The convenience store owner in Baton Rouge who witnessed and filmed the killing of Alton Sterling at the hands of police last week has sued the police department and five officers alleging they acted improperly and violated his rights.
Meanwhile, a Georgia man originally from Baton Rouge, who was the first to post the video and made it viral, was arrested 24 hours later because he “fit the description of someone wanted for battery,” but was then told he was being arrested for unpaid traffic tickets — and led out of his job in handcuffs and leg shackles.
Abdullah Muflahi, who owns the Triple S Food Mart where Sterling was killed, accuses the Baton Rouge officers of stealing surveillance video and equipment from his store without a warrant, confiscating his cellphone without a warrant, locking him in a hot police car for four hours and not allowing him to use the bathroom. When police finally let him use the bathroom, he was not allowed to go indoors.
Muflahi’s cellphone video shows not only the shooting but also one of the two officers taking a gun from Sterling’s right pocket despite earlier reports that Sterling had pulled the gun on the officers. The police department also reported that all of the officers’ body cameras had fallen off and become inoperative, making Muflahi’s video a key piece of evidence.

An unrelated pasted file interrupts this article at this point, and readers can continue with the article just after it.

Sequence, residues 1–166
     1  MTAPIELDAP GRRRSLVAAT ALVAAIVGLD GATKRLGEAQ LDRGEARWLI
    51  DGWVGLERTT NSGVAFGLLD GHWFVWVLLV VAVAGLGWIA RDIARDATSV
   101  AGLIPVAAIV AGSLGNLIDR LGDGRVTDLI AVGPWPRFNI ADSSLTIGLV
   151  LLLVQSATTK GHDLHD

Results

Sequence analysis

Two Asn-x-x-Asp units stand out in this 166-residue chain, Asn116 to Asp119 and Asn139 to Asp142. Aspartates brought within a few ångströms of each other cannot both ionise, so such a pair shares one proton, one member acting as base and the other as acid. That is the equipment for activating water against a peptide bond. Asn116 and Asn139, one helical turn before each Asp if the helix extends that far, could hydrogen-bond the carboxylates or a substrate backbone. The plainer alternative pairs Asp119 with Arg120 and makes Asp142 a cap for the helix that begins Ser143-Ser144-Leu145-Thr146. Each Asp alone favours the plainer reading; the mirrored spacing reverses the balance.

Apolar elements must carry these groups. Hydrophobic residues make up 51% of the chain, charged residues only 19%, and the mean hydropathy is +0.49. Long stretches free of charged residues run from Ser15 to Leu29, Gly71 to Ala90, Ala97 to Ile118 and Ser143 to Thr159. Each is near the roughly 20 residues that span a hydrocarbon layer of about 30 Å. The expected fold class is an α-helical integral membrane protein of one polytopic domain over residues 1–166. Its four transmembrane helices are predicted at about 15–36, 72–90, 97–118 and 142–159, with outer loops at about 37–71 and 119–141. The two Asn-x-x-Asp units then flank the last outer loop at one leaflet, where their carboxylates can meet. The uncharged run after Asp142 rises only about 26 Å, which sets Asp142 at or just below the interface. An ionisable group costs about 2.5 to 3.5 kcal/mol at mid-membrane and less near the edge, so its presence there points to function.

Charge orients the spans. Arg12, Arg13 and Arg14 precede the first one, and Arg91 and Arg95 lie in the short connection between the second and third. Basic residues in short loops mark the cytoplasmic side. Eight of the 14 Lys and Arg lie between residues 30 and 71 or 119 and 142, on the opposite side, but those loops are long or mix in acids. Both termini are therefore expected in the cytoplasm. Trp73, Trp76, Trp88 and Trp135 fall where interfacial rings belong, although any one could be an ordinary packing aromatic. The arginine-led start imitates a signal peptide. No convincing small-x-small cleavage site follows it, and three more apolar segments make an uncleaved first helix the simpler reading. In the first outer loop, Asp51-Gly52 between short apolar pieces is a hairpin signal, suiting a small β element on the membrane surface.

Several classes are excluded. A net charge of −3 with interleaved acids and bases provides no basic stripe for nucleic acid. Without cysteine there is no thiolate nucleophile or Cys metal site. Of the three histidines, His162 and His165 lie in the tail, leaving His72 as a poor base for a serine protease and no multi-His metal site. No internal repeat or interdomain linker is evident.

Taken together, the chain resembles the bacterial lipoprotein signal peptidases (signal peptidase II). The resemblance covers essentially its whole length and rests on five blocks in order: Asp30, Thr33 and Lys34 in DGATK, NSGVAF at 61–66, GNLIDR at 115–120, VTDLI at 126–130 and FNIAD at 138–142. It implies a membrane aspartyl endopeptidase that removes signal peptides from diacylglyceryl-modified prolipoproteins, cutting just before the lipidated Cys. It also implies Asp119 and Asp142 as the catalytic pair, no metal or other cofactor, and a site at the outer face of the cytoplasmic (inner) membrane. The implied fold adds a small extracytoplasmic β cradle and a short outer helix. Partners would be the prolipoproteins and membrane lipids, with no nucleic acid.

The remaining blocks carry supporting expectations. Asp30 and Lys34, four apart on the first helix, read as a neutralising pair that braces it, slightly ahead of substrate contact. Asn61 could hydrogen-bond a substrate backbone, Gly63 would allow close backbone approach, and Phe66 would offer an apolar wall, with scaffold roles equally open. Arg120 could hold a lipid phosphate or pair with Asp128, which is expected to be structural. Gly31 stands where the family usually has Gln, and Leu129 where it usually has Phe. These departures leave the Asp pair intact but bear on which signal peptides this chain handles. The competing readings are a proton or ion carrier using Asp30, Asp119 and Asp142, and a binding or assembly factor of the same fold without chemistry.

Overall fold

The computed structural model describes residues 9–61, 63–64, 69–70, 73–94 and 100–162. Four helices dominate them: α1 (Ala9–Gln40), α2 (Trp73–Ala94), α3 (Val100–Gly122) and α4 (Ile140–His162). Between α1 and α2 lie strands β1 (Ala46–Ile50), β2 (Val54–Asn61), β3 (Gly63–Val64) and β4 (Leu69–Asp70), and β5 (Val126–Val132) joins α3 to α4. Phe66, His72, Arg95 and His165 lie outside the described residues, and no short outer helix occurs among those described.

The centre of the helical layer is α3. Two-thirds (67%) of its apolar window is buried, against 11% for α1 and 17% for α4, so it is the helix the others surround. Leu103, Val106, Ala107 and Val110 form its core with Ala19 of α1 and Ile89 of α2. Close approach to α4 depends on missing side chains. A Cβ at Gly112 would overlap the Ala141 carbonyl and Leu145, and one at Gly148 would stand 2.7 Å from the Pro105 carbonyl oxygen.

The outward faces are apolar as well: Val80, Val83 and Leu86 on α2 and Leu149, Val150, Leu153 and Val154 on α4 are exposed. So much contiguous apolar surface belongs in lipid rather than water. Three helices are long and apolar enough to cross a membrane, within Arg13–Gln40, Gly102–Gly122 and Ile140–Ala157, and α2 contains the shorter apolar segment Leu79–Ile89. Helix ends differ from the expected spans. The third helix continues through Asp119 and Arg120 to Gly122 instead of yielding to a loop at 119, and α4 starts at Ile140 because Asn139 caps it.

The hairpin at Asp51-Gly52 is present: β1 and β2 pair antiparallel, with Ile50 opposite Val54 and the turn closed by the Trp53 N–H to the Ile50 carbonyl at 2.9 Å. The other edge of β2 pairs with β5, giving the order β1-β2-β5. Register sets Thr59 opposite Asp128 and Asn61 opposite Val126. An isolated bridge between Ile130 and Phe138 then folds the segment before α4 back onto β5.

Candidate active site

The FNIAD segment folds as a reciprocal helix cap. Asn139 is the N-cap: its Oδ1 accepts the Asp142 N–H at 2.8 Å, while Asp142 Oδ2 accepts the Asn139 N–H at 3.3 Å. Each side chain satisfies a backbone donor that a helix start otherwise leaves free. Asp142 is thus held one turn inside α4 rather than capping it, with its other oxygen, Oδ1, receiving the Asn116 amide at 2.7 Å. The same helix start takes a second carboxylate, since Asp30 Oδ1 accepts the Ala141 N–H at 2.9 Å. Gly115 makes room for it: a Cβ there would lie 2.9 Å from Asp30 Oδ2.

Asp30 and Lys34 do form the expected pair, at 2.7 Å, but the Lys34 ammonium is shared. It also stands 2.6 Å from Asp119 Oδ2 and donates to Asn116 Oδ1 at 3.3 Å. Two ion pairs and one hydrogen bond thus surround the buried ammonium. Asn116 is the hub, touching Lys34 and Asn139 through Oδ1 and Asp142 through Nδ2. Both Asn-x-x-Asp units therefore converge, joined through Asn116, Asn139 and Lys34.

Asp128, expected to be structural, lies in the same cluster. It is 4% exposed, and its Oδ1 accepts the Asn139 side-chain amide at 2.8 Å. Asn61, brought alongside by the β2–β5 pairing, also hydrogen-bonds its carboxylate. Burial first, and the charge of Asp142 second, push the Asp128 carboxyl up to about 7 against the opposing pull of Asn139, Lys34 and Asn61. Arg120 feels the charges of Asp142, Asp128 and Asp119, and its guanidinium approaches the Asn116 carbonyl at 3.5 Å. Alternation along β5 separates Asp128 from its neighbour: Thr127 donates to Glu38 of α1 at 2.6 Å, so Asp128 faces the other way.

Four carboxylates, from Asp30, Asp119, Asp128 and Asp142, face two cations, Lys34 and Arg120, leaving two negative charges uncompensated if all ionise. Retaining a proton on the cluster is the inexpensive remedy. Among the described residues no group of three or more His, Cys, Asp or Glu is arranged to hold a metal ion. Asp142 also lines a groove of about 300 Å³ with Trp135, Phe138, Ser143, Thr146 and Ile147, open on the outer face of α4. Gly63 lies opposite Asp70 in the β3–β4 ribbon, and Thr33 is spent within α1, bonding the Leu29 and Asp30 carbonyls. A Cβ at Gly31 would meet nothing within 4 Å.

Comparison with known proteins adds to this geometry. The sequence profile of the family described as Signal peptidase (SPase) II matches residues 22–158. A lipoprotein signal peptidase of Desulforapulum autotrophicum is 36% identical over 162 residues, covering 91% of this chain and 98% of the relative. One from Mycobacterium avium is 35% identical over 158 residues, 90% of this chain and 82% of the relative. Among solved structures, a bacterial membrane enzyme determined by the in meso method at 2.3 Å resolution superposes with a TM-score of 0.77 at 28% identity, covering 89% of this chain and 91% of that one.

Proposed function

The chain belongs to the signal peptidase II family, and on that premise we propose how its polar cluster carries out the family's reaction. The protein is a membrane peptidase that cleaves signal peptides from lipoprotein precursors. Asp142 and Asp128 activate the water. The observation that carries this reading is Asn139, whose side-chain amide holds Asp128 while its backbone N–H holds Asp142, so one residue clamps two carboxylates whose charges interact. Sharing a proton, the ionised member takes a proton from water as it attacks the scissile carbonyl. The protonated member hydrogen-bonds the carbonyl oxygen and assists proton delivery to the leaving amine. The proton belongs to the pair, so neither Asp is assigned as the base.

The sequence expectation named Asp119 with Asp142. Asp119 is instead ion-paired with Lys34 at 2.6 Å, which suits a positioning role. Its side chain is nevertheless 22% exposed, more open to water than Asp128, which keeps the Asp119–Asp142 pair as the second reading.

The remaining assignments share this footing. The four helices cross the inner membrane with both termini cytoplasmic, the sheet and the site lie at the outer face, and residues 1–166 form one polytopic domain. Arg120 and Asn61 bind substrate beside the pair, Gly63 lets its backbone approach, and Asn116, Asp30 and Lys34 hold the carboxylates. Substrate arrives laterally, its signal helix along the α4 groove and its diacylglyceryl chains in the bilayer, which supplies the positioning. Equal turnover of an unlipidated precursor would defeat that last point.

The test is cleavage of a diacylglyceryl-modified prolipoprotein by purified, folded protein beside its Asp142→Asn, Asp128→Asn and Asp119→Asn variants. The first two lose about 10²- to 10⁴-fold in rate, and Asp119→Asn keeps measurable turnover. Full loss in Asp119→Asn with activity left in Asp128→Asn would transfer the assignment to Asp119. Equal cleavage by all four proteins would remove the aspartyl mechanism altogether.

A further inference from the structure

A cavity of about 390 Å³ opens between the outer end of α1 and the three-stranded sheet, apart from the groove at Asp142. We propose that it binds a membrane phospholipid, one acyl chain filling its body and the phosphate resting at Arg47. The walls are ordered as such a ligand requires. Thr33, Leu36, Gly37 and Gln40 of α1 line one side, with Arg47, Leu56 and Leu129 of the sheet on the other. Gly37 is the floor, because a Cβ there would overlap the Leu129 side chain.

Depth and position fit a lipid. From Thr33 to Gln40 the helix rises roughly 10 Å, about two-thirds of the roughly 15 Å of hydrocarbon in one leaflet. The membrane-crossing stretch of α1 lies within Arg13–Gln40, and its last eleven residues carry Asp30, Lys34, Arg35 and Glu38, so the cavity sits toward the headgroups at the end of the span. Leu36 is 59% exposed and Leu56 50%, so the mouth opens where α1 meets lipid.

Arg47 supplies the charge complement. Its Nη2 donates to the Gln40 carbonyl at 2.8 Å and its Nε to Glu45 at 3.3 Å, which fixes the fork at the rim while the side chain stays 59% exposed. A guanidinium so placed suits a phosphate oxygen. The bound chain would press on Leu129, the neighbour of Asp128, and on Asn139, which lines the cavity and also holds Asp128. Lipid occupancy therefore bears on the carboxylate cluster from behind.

“I felt like a criminal at the time, and there’s one of the detectives that I knocked on the window and told him it was really hot and I asked if I could sit outside by the car. And he just got really angry and started saying ‘you need to chill the f–k out until we get this because we’re handling something right now,’” Muflahi told the New York Daily News.
“It wasn’t right and I shouldn’t have been treated like I was the one who shot the guy. They didn’t handcuff me or read me any rights. They just put me in the back of a car. The seat was really hot and it felt like I was sitting on hot coals.”
In his lawsuit, Muflahi claims, “The officers would not allow [him] to use the restroom inside of his business establishment and he was escorted to the side of his building and forced to relieve himself right there within arm distance of a BPRD officer and in full view of the public.”
Muflahi said he was then taken to police headquarters for another two hours and not allowed to call his parents or lawyer. He is seeking damages for false arrest, false imprisonment, the illegal taking and seizing of his security system and illegally commandeering his business. Officers Blane Salamoni, Howie Lake, Robert Cook and Timothy Ballard, as well as Police Chief Carl Dabadi and the city of Baton Rouge are all named in the suit.
According to The Daily Beast, Baton Rouge police revealed a warrant was obtained — but the facts show the warrant was sought after the fact.
The Daily Beast, Baton Rouge police revealed a warrant was obtained — but the facts show the warrant was sought after the fact.
“Not only did Sterling lose his life but my client lost his liberty,” Joel Porter, Muflahi’s attorney, told the Daily News. “They act like this is a police state, like it’s North Korea, like they can do this without impunity. This was done in order to intimidate my client.
They did not want him to tell the truth.”